A Free State Christmas braai

How I wish I could have invited all of you to the real Vrystaat Christmas braai we’ve just had. Especially after the rains, it was a particularly festive occasion for all the members of the community.

It was an evening filled with love, laughter, good food and just enough beer to keep everyone in a good mood. (Although I must admit that my two oumas tended to slip away regularly to the spare bedroom, where my dad keeps some bottles of wine in the wardrobe – to the two oupas’ chagrin. But you must promise not to tell anyone about this, it’s a closely-guarded family secret!)

A Free State braai consists of mutton chops, boerewors and pap and sous, with a luscious trifle for pudding. That’s that. This is a no-nonsense part of the world, where we serve down to earth, hearty and tummy-filling food. Nothing comes close to a Free State Merino chop with a nice fatty border on the husk coals.

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You see, a real Free State braai requires maize husks. We don’t braai with wood or charcoal or anything like that!
Our neck of the woods is hardly known for fruit production, but our watermelons are the tastiest in the whole wide world – big, dark green old-fashioned varieties, such as All Sweet and Congo. It is indeed a glorious time if the rains came early enough for us to have ripe watermelons for Christmas. 

Oom Willem Marais grows the best melons in the district. They’re so big and fat they literally burst open when he starts cutting them with his worn old Joseph Rogers, revealing the blood red flesh.

And don’t forget the cactus pears! These glistening pale green jewels in one of my ouma’s earthenware dishes are indeed a sight to behold. The watermelon and cactus pears are served as a starter, before the braai starts in earnest.

A Free State braai is not for the faint-hearted. We don’t do ‘dainty’.

When we braai, we BRAAI! Three, four grids that take enough meat for a multitude are manned by the younger guys with the older men as supervisors. As soon as the meat is done it’s taken to the tables in a big cast iron pot.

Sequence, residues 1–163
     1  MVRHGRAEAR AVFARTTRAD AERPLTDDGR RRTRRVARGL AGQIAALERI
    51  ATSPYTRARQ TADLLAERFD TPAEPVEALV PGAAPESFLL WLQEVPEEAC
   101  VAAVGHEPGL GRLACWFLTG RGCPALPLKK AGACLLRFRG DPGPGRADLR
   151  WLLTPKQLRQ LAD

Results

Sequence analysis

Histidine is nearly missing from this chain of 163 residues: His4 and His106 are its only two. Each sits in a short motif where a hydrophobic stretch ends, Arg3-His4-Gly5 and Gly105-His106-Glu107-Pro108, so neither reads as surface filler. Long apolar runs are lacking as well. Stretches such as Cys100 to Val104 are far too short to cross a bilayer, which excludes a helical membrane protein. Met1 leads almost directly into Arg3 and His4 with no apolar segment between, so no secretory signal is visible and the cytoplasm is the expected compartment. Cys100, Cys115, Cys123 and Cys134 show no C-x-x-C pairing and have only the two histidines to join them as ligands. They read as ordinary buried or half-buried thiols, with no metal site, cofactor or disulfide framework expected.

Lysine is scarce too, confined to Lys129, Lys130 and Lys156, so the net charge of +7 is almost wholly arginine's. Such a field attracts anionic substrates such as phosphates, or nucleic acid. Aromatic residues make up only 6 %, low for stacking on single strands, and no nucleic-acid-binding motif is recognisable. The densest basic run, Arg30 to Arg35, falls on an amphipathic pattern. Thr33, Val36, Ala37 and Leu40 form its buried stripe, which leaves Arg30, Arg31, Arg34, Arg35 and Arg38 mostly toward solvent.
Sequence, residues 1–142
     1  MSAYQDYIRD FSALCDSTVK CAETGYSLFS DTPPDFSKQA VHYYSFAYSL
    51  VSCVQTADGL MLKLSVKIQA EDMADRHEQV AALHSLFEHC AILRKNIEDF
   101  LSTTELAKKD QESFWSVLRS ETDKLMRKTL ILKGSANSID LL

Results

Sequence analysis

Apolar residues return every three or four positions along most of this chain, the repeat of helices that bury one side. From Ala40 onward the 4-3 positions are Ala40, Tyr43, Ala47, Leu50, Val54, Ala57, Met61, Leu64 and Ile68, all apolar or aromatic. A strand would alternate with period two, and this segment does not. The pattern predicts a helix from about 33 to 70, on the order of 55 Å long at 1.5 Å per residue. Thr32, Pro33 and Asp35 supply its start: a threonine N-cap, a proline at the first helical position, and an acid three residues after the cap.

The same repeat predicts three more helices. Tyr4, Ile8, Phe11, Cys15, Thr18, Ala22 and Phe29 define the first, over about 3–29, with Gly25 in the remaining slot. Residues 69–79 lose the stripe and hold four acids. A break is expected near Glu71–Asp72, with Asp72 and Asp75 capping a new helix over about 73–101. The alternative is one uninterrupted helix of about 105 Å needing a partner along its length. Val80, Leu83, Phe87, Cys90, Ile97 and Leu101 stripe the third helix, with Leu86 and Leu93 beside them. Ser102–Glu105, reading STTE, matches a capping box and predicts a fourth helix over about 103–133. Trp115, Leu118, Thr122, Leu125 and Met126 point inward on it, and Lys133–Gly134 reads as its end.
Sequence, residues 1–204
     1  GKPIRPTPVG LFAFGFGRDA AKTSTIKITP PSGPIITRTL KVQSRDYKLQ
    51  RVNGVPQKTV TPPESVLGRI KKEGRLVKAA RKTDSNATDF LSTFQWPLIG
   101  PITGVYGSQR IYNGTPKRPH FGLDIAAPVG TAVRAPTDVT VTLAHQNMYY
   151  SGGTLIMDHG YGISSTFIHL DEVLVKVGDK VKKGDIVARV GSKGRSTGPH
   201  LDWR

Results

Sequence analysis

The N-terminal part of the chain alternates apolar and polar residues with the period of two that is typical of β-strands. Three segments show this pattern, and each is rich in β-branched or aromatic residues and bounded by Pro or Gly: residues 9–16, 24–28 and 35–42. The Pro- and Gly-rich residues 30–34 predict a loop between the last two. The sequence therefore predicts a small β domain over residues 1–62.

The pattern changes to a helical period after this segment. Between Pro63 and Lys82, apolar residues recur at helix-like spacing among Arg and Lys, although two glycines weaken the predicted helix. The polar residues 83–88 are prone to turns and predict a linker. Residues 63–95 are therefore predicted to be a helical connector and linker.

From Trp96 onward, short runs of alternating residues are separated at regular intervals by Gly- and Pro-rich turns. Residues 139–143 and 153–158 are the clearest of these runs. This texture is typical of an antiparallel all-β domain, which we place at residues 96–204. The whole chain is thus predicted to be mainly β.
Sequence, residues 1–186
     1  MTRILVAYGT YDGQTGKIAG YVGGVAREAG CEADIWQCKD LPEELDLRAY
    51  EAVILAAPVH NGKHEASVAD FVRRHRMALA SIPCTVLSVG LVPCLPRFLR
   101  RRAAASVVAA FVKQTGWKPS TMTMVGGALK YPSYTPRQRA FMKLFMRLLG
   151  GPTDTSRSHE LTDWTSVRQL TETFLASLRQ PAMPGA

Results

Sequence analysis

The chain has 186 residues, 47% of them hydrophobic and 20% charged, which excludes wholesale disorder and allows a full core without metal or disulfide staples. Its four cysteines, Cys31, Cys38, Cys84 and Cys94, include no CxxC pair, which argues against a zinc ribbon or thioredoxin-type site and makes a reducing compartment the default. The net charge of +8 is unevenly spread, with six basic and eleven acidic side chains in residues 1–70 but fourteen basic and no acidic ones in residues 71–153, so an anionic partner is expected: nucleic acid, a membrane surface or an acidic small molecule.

The pap is brought in the huge soup kettle it was cooked in. And then it’s party time!

But not before Oom Willem, the old patriarch, calls everyone together to say grace. To say thank you for the good year we had, for the grace bestowed upon us. For the food we are about to receive and the blessings already granted to us. For the Holy Birthday.

As the sweet sound of Silent Night flows over Hakbospan’s moonlit veld we revel in the knowledge that we belong together. That we’re bound to each other by the love of the land. What a privilege!

Annelie Coleman represents Farmer’s Weekly in the Free State, North West and Northern Cape. Agriculture is in her blood. She grew up on a maize farm in the Wesselsbron district where her brother is still continuing with the family business. Annelie is passionate about the area she works in and calls it ‘God’s own country’. She’s particularly interested in beef cattle farming, especially with the indigenous African breeds. She’s an avid reader and owns a comprehensive collection of Africana covering hunting in colonial Africa, missionary history of same period, as well as Rhodesian literature.